Islamic veils have become a flashpoint for European debates over integration, extremism and freedom of religion.
Belgium’s ban on burqas and other full-face Islamic veils has been upheld by the European Court of Human Rights.
Judges said the nationwide prohibition, which came into effect in 2011, did not violate the rights to private and family life and freedom of religion, or discrimination laws.
The court found Belgium had the right to impose restrictions aiming to ensure the principles of “living together” and the “protection of the rights and freedoms of others”.
Its ruling said the government had been responding “to a practice that it considered to be incompatible, in Belgian society, with social communication and more generally the establishment of human relations, which were indispensable for life in society…essential to ensure the functioning of a democratic society”.
The European Court of Human Rights (ECHR) dismissed two separate cases – one appealing Belgium’s nationwide ban and another on a 2008 by-law adopted by three municipalities.
The first case was brought by two women – Samia Belcacemi and Yamina Oussar – who previously attempted to have the law suspended and annulled at the Constitutional Court in Brussels.
They both gave evidence on how the ban has affected their lives as Muslim women who choose to wear the niqab, which covers the face except for the eyes.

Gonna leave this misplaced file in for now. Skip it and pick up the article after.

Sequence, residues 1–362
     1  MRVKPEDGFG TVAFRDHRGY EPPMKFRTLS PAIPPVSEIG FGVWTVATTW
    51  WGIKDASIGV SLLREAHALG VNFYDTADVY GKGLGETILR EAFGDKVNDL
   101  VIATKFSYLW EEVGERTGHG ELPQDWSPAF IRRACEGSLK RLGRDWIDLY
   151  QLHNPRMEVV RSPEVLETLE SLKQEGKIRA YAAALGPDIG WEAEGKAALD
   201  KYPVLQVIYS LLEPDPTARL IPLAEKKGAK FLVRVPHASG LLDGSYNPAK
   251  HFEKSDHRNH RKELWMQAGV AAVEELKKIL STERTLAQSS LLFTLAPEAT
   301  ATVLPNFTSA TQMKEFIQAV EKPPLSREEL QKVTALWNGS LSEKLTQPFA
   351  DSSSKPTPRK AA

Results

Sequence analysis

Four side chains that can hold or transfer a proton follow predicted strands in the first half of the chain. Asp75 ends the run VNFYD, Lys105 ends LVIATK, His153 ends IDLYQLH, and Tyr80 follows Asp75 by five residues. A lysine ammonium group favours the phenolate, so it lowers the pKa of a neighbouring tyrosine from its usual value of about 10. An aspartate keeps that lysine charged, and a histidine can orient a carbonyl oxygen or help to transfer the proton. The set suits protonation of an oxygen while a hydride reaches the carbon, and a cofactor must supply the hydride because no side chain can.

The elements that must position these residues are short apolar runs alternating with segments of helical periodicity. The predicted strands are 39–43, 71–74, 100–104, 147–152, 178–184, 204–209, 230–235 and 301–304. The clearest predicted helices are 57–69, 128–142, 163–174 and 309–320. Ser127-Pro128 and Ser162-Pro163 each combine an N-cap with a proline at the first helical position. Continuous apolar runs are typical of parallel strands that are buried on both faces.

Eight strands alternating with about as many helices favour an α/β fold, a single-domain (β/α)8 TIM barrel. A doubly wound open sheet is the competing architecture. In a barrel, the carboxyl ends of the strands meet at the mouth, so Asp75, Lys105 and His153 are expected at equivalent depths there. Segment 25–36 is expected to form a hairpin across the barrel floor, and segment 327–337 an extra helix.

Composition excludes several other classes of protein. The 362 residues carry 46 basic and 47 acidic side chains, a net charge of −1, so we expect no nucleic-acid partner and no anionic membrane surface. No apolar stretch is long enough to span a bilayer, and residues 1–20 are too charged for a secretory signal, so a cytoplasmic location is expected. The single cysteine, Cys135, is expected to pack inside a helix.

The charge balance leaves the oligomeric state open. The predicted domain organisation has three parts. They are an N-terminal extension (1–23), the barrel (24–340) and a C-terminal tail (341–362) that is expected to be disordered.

Ms Belcacemi said she initially continued to wear the veil in public but removed it over fear of being jailed or fined, while Ms Oussar said the law has forced her to stay at home.
The second case was brought by another Belgian woman, Fouzia Dakir, over a prohibition on full-face veils implemented in Pepinster, Dison and Verviers three years before the nationwide law.
She argued that the move infringed her right to wear the niqab guaranteed under the European Convention on Human Rights, with no “legitimate aim”.
The court found there had been no violation of her right to private life, freedom of religion or discrimination laws, but that Belgium had infringed her right of access to a court when the Conseil d’État ruled an initial application to annul the ban inadmissible.
In a unanimous judgement, judges ordered the Belgian government to pay the Ms Dakir €800 (£700) in costs.
It was the latest test of laws brought in across Europe to ban the Islamic veil in public or while carrying out state functions.
In March, the European Court of Justice found that companies can legally ban Muslim employees from wearing headscarves, but only as part of prohibitions including other religious and political symbols.
But the Luxembourg-based court found that bans could constitute discrimination if people adhering to a specific religion, such as Muslims, are put at a particular disadvantage.
Several other cases are still underway across Europe, including an employment tribunal in the UK where a Muslim estate agent is suing her former employer after allegedly being told to remove her black headscarf because the garment had “terrorist affiliations”.
Islamic veils have become a flashpoint for European debates over integration, extremism and freedom of religion in recent years, with France the first to implement a nationwide burqa ban in April 2011.
Belgium and Bulgaria followed, with partial or regional prohibitions now in place in Italy, Spain, Denmark and Switzerland.